Future of blues/rock Gary Clark Jr.
Brings penchant for deep thoughts to Maui
Eric Clapton was so impressed watching Gary Clark Jr.’s incendiary debut performance at the Crossroads Guitar Festival in 2010, he wrote him a note of gratitude, which stated, “Thank you, you make me want to play again.”
Likely to be remembered as one of the most memorable blues/rock performers in years, Clark will play the Maui Arts & Cultural Center’s Castle Theater in Kahului at 7:30 p.m. Sunday.
Famous fans of the Texas-born musician include the Rolling Stones, Prince and President Barack Obama.
A frequent opener for the Stones, including on their latest No Filter Tour, Clark typically has joined the rock gods on stage singing with Mick Jagger and injecting his fiery solos on classics like Freddie King’s “Going Down.”
“I spent a lot of time in Keith’s [Richards] dressing room listening to Howlin’ Wolf records, which was kind of surreal,” he told The Guardian. “He was like, ‘We’re from the same school, mate, we’re like brothers.’ I’ve gotten the chance to jam with some of the biggest artists in the world. Every day I’m just grateful.”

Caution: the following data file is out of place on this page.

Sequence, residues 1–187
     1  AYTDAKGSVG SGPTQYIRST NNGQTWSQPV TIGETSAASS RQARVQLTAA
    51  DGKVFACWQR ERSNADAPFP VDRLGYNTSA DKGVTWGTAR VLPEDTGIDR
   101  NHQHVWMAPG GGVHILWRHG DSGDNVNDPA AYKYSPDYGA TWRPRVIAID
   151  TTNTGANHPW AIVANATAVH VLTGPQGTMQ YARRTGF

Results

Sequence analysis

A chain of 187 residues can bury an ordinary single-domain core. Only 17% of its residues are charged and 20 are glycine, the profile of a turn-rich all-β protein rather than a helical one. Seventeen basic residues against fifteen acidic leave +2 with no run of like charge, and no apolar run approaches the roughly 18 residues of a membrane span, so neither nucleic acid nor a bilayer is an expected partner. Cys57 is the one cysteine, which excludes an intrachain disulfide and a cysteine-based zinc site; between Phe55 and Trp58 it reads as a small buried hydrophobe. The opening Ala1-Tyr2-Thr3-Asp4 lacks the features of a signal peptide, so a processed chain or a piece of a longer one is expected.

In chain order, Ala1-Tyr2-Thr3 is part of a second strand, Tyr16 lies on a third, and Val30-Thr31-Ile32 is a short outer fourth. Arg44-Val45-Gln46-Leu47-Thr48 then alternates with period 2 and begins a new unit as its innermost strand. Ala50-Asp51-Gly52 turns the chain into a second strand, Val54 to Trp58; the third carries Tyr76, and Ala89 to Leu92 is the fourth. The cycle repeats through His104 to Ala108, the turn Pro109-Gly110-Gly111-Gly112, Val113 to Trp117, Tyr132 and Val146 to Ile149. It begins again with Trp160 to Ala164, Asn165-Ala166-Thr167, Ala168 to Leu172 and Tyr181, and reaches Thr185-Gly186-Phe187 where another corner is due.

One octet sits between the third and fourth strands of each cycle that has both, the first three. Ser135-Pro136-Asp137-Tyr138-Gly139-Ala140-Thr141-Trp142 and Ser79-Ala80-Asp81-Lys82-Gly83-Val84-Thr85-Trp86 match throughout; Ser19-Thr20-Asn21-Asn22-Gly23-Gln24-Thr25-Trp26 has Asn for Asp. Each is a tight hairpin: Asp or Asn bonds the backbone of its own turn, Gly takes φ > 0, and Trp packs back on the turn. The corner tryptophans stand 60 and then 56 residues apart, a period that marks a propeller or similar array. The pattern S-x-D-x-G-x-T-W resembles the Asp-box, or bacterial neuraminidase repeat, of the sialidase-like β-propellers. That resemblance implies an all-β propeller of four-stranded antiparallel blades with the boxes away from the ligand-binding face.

When a bunch of icons including Jagger, Jeff Beck and Buddy Guy played the Obama White House in 2012, they added Clark to the historic lineup. President Obama later praised him as “the future.”
Check out the YouTube video of Clark at the White House gig storming through “Catfish Blues” with the president smiling and grooving along in the front row and giving Clark a standing ovation.
Growing up in Austin, Texas, Clark was 12 years old when he got his first guitar. When he heard Stevie Ray Vaughan’s “Texas Flood” and Jimi Hendrix’s “The Ultimate Experience” his path was set.
“Those records spoke to me in a way I can’t describe,” he told Guitar World. “When I heard ‘Purple Haze’ in my headphones, I knew that was my thing.”
Clark made a name locally jamming with veteran musicians around nearby clubs, and eventually performing at Antone’s nightclub, where he began sharing the stage with local blues heroes like Jimmie Vaughan, Hubert Sumlin and Pinetop Perkins.
An amazing live performer, Clark became one of the brightest players on Austin’s blues and rock scene, and then the Crossroads Festival performance catapulted him to stardom.
“When I played Crossroads Festival in 2010, I walked across the stage for the finale and B.B. King grabbed my hand and looked at me and just kind of nodded, smiled at me,” Clark told The Guardian. “It was kind of like a welcome. I got teary-eyed.”